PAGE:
Over the last several decades, and especially since 9/11, scholars and intellectuals have come to see questions around religion as increasingly compelling, increasingly complex, and increasingly unavoidable. As high modernism’s confidence in the inevitable secularization of the world has been punctured by the reality of the persistence of religion in private and public life, thinkers have come to see that religious matters are not going away. More often than not, the main imaginative energies shaping our world today—ordering people’s lives and informing our conflicts—are fundamentally religious. The great secular ideologies of the twentieth century, such as nationalism, communism, and even to some extent liberal capitalism, seem to have fewer and fewer true believers. Because of this, to understand our world—its past, present, and future—we must understand religion. Furthermore, scholars across the humanities who in previous generations found little but covert apologetics in the scholarly study of religion have in recent years increasingly turned to religious themes, issues, and concepts as tools of real and abiding import for pursuing lines of inquiry in their own fields

Thus, religion as a topic of humanistic inquiry has become recognized as both necessary and valuable. But too many of the scholars compelled or attracted to issues associated with religion lack any rich acquaintance with the tremendously exciting and innovative work done on these topics, historically, analytically, and conceptually, in recent years. So we face a situation in which many humanities teacher-scholars recognize the importance of studying religion, but lack the best tools available for doing so. This seminar aims to help rectify this problem.

The primary activity of the Institute will be close reading and discussion of important contemporary scholarship on the history, current hot spots, and teaching about religion, with particular focus upon ways that received concepts and categories may ill-equip us to bring the full dimensions of a “religious” theme, issue, or problem into focus. The sections of the course focus on central questions informing what many see today as “the problem of religion.”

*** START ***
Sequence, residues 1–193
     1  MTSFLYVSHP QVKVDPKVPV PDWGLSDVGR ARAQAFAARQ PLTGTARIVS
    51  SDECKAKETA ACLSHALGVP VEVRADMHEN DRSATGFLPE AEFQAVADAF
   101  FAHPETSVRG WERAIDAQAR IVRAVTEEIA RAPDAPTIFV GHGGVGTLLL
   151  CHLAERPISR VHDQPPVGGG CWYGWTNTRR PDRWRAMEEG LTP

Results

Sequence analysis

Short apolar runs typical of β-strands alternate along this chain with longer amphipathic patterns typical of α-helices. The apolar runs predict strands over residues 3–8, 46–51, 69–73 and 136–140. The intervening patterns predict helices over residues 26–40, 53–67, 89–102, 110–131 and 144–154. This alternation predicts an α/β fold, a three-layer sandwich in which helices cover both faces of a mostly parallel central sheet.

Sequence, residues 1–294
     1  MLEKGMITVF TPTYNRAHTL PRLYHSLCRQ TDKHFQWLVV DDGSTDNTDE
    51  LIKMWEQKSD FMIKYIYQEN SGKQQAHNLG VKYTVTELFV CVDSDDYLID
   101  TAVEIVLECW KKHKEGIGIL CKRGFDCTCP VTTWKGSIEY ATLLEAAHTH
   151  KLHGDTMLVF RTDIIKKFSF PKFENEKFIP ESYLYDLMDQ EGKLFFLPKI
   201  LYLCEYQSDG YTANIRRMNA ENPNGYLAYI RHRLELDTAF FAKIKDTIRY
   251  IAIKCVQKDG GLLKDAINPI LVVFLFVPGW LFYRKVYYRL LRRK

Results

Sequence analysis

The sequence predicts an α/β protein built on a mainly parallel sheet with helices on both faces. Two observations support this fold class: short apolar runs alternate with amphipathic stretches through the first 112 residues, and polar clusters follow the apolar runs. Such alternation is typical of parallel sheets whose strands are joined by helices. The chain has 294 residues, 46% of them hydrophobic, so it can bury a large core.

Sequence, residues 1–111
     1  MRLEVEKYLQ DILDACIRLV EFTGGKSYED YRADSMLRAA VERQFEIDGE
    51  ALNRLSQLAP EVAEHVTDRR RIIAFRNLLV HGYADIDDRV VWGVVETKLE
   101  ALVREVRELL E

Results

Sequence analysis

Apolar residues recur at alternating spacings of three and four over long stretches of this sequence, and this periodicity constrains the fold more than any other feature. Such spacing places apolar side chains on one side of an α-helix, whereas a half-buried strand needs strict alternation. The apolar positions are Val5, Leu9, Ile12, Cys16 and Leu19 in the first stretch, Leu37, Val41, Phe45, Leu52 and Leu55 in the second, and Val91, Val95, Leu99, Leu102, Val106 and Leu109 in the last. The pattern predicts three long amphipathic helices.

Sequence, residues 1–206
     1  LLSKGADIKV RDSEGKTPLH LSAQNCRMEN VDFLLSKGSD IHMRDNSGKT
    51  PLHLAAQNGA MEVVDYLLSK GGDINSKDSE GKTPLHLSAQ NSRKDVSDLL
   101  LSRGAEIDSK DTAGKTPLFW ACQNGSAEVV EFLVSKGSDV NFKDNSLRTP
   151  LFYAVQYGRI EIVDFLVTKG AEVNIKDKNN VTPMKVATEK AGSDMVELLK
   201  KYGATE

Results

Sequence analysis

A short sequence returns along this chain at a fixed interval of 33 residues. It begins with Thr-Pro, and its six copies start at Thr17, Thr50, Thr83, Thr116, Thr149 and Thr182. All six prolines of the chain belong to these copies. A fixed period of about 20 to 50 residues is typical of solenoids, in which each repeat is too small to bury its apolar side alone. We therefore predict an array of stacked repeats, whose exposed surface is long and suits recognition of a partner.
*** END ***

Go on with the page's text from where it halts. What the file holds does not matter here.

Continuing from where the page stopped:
The “problem” of religion, of course, is manifold: It is a scholarly problem for modern academia, in that there are serious debates about the proper character of scholarly understanding of religion: Should scholars of religion see religion as an analytic category commensurate with “culture” or “language”, or as an a priori concept? Can “insiders” and “outsiders” both contribute to scholarship on religion, and if so should they do so in the same ways, or in different ways—and if in different ways, how should we relate those modes of scholarship? It is a political problem for contemporary liberal polities: What role(s) can and should religion play in politics, and what role should the state play in the religious lives of its citizens, both political policy and legal matters? It is a historical and cultural problem, for modern societies: How have religions changed views of human individual wellbeing and the social order in the modern world, and how have those new conceptions of the human and society themselves changed and challenged religions? It is an epistemological question, for people seeking to understand religions, particularly in light of claims made by contemporary scientific approaches to human behavior: What is, and what should be, the relationship between religion and science? Finally, and most broadly, it is a social problem, a problem of public discourse, because it asks: How can we understand and investigate religion in a manner that will assist productive public debate today?